By CCN.com: In what may be considered a tacit admission of guilt, Craig Wright’s attorneys have requested that “exhibit A,” an e-mail that was proven to be fake, be withdrawn from evidence in a lawsuit filed against Wright by Dave Kleiman’s estate.
After Wright submitted the e-mail, a Reddit GPG expert announced that he could prove the e-mail was fake. CCN.com reported this Wednesday night, and today court documents reveal that Wright has requested to strike the e-mail from evidence.
His reasoning? He “cannot verify the date of the e-mail exchange.”
The withdrawal is a long way from admitting that he submitted a piece of false evidence, but now the plaintiffs have the opportunity to fight to keep the document in the record. Wright’s current goal in the Kleiman lawsuit is to get it thrown out by forcing the Florida court system to admit it has no jurisdiction over the matter.
This reporter is not a lawyer, but some cursory research reveals that it may be a third-degree felony to submit false documents to a Florida court. If the plaintiffs push the issue, and Wright fails to find someone to verify the papers in his favor (over and above the numerous verifications to the contrary), Wright could be in serious trouble.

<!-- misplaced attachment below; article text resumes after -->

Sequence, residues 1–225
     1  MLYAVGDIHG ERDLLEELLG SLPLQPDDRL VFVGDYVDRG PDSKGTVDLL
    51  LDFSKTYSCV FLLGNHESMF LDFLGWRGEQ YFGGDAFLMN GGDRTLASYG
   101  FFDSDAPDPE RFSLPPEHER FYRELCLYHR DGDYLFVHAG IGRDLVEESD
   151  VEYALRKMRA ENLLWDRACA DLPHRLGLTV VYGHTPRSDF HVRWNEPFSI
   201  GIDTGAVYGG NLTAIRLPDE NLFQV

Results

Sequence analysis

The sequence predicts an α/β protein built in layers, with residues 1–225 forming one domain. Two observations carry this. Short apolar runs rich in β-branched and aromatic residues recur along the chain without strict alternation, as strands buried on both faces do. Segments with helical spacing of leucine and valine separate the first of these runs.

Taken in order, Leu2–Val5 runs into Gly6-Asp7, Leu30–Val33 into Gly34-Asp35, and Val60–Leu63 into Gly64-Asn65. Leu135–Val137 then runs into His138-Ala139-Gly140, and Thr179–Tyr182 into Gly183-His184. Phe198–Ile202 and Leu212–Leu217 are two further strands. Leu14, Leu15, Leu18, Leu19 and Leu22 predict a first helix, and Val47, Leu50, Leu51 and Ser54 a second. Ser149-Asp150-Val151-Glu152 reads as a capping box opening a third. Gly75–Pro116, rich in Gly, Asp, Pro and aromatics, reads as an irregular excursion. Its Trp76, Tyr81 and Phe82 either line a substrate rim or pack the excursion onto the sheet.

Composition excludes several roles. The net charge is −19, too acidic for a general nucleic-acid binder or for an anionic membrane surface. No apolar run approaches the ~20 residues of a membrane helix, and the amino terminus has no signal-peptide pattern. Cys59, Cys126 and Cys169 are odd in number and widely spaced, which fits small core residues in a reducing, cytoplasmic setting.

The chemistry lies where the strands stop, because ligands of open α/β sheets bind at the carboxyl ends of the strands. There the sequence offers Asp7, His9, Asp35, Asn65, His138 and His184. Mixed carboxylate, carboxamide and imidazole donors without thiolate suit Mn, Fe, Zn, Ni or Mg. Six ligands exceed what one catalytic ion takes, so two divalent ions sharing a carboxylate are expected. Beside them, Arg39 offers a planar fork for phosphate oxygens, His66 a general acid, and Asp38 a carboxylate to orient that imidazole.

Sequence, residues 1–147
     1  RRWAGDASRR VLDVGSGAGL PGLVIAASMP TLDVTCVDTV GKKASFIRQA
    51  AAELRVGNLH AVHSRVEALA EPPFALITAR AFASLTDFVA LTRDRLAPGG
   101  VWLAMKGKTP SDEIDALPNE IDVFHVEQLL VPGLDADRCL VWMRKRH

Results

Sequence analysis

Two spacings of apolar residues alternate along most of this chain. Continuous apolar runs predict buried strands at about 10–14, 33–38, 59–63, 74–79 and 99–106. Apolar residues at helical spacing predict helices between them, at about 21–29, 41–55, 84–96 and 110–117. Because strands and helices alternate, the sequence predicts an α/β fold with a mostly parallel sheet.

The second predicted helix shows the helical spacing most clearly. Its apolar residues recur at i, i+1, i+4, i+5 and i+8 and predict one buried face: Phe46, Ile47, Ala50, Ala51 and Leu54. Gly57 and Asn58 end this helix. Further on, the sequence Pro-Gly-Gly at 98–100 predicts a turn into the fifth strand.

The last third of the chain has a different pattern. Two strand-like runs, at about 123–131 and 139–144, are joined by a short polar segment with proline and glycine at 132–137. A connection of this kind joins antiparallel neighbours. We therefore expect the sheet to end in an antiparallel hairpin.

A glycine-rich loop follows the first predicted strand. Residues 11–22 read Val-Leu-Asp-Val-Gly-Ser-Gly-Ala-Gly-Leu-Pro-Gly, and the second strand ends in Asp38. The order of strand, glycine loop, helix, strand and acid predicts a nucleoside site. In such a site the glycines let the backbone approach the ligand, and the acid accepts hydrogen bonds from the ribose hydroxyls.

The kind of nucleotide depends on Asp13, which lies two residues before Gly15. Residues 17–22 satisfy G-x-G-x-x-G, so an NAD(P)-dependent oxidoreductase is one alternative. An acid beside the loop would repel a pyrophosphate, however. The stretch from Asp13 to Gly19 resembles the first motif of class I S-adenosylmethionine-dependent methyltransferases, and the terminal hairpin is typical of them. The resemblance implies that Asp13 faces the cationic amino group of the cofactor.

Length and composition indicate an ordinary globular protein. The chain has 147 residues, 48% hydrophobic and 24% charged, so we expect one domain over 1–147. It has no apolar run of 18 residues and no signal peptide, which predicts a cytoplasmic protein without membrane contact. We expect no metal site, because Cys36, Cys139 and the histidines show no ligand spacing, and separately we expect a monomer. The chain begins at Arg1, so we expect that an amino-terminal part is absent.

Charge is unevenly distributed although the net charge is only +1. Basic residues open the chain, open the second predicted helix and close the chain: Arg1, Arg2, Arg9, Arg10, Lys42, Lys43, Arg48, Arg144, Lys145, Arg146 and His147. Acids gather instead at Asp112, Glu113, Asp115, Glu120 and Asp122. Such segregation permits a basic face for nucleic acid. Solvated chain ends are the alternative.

In Florida, a third-degree felony can carry up to five years in state prison. Florida prisons don’t have a reputation for being “easy,” either. All of this is to say that Wright could theoretically beat the lawsuit and never pay the Kleiman estate a dime, but he could still be in deep trouble as a result of submitting a fake e-mail to a Florida court.
Note: we’re not saying Wright is guilty of perjury or submitting false evidence. We aren’t lawyers or officers of the court, so it’s not our duty to determine whether he should be charged or not. This is also the reason we used the word “allegedly” in our previous report on these hi-jinks.
Besides the veracity of the e-mail’s date, another problem with the alleged e-mail from Dave Kleiman is that he would have had to spell his name wrong. This would be extraordinarily rare for anyone, least of all an intellectual who was capable of computer programming and systems engineering. The lack of other typos in the e-mail only deepens suspicions based on this alone.
Wright has repeatedly been called a “fraud” by industry players, and he is currently engaged in lawsuits which he believes will not only stop the name-calling but also allow him to prove his identity as Satoshi Nakamoto in a court of law. His mission to unmask the identity of an anonymous Twitter user who made it his personal mission to expose Wright cost Bitcoin SV listings on Kraken, ShapeShift, and Binance recently.